However, after having an initial meeting with my service supervisor, Ms. Tanuja, we decided that we could still attempt to maintain the Christmas cheer, by creating a talent show for them and by doing a toy drive in early January in time for new year, and thus, Saesha and I were tasked with reaching out to the IT department and various members of the OSC staff to see if they were willing to put something small together for the patients at the CCC home. We also created a sign up sheet for student performers and are currently waiting for that to be filled up, although I must say, we already have a great variety of performances coming in from the staff members who were more than willing to participate which is very touching to see.

In the upcoming year, I look foreword to taking more of a leadership role in our service group and hopefully carrying it through another highly successful year once we are able to meet again! Oh and before I sign off, after some convincing we also decided that we would be lowering the age limit so that we could increase the manpower when we are not visiting the home 🙂

 

 

Helping Out At Home + Teaching 8th Graders

Service During Lockdown

In my first few weeks of DP2 I realized that it may take some time for school to resume service activities considering the uncertainty regarding whether we’ll be returning to school in person or not, so in the meantime, I decided that I would continue to give back to others in some way in the ways in which I could from the safety of my home during the pandemic. While usually I either attend multiple service groups during and after school ours with Hope For Kids and other school communities or carry out football lessons with primary school children. Unfortunately, neither of those things have been a possibility recently with the looming consequences of, you guessed it, another nationwide lockdown. So instead I decided that the best way to do my part in service would be through helping out at home and by tutoring a few of my brother’s friends online.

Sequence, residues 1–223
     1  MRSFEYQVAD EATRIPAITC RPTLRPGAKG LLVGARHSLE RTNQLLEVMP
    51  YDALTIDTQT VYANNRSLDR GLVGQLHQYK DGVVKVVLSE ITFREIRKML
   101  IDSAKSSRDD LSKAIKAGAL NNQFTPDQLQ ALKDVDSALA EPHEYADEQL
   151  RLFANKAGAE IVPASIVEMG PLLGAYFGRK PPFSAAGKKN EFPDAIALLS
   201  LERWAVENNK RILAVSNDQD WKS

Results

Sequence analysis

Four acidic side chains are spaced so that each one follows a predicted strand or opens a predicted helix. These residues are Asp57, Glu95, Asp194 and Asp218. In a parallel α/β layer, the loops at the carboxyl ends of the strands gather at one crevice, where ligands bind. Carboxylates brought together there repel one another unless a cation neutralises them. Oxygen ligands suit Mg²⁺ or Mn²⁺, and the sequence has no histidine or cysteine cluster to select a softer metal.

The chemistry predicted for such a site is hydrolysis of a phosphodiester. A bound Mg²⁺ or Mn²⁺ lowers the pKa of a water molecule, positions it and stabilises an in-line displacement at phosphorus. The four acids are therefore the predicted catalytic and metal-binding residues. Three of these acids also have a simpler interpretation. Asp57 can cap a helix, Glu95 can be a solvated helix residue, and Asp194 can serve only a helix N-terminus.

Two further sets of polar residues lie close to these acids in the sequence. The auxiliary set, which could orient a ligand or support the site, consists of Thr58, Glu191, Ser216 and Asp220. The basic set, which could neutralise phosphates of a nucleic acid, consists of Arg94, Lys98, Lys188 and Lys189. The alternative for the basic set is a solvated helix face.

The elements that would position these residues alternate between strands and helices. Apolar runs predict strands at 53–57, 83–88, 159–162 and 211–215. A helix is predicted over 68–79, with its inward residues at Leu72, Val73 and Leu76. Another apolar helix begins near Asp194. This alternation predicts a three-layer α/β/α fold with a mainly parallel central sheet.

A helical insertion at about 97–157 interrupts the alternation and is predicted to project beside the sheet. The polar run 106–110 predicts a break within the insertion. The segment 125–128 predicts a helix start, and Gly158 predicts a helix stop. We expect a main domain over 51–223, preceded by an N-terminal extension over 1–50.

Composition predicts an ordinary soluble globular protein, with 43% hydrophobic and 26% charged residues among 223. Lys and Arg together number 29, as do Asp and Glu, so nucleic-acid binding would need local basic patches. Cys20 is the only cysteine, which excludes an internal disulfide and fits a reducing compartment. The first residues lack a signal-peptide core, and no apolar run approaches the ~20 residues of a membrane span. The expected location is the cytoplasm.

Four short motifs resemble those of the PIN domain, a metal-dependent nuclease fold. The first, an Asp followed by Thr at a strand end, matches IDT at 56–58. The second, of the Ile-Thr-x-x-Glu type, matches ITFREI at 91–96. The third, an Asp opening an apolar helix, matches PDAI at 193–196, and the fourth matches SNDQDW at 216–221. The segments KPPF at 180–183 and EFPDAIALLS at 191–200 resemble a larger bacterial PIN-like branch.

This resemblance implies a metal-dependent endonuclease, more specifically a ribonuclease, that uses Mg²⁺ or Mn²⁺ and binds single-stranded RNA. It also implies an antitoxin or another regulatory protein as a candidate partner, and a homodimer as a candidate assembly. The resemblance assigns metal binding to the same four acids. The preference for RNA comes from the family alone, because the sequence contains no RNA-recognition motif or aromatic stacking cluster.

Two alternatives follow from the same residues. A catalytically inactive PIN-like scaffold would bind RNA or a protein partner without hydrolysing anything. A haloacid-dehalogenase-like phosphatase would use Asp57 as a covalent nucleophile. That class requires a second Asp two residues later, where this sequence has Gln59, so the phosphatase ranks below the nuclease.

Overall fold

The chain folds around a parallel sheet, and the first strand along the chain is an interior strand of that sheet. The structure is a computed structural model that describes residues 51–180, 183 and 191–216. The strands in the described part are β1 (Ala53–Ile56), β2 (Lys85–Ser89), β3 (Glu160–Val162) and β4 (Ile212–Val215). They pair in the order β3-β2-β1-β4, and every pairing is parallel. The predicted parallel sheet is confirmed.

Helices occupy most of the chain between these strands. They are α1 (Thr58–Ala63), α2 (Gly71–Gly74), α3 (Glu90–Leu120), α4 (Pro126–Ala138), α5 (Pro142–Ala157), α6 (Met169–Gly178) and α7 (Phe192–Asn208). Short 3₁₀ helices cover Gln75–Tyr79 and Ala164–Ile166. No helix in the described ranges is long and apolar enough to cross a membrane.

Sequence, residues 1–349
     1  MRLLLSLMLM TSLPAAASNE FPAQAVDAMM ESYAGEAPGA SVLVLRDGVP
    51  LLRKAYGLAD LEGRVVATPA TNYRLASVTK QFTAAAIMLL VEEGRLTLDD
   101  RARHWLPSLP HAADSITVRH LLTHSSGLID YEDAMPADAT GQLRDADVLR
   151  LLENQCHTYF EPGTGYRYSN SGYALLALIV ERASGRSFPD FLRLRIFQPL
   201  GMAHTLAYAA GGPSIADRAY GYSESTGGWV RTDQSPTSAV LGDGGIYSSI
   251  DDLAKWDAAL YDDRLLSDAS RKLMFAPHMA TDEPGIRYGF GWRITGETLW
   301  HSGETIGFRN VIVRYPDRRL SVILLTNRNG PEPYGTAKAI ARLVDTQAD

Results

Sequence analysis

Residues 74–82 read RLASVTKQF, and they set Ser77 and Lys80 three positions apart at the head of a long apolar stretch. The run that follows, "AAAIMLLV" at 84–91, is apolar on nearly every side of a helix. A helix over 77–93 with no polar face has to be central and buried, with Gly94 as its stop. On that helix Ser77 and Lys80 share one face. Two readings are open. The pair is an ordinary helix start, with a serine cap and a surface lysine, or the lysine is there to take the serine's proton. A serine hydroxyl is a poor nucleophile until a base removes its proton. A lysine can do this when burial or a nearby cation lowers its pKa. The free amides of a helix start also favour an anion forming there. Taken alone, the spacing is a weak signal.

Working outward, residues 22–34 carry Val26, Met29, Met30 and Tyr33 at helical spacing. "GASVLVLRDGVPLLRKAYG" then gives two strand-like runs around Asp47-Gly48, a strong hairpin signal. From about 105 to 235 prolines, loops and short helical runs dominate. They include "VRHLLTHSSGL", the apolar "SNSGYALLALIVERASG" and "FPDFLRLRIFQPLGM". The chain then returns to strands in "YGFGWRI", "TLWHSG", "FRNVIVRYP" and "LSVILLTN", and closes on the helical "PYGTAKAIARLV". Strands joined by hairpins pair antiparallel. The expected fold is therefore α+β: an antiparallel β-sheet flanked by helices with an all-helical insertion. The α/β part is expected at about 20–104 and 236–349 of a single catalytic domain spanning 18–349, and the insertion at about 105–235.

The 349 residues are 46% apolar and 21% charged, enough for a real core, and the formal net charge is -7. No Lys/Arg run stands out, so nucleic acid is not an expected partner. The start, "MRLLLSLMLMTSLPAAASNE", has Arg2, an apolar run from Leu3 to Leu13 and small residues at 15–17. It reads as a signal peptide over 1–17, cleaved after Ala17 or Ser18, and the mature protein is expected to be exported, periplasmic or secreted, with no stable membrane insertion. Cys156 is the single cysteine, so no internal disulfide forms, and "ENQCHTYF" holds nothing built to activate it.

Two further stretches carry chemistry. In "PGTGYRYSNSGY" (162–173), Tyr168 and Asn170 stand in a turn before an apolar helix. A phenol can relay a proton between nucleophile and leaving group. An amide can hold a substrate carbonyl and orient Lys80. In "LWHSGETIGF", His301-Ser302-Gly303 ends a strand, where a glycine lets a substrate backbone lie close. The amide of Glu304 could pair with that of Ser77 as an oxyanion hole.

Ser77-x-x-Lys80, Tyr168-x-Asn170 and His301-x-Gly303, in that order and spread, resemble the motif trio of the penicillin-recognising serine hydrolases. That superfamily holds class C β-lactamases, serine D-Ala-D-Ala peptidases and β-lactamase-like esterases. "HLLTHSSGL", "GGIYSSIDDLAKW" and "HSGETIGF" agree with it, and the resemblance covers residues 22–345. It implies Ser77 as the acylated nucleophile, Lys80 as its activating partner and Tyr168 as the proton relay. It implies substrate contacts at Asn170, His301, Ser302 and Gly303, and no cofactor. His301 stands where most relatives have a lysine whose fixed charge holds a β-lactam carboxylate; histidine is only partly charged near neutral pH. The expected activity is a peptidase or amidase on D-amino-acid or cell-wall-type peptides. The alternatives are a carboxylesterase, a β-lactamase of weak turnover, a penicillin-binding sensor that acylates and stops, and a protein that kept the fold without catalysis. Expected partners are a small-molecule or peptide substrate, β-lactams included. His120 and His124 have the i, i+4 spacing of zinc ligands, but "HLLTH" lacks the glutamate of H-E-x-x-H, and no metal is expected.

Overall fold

Just today, for example I was on a call with 2 of the girls from the 8th grade and they mentioned that they were struggling with a few of their assignments and certain concepts so today I sat with them on google meets for two hours and helped them overcome the hurdles of understanding the physics of waves and helped one of the review and reflect on their “perfect paragraphs” for English. Now naturally, I am not teacher by any means, but I had done these units previously in the MYP and I still had some of my notes and projects that I used to help them understand the concepts. For example to explain the concept of waves I pulled up one of my old E-Maze presentations which I made in the 10th grade demonstrating what waves are so that they could have a clearer idea of the definitions and prepare for their upcoming test. Likewise, for English homework help, I simply gave them certain pointers on where they could potentially have made improvements and without giving them the answers gently guided them into thinking about self improvement in the subject. This isn’t at the moment a regular occurrence but if they find my help useful in any way I told them that I would be happy to help :))

A freshly showered bella

That aside, at home I’ve been helping out a lot more with things like chores. Recently our helper went back home so currently its just my mom, my brother and I at home and since most of the time we’re on our laptops doing school while mom is working around the house I felt that it was nice to take some of the burden off of her shoulders by offering to cook every now and then and by taking care of things like bathing the dog. These may seem like simple gestures but they make a world of difference for her since she has to run a lot of work to do and I aim to be a bit more involved when the holidays roll around.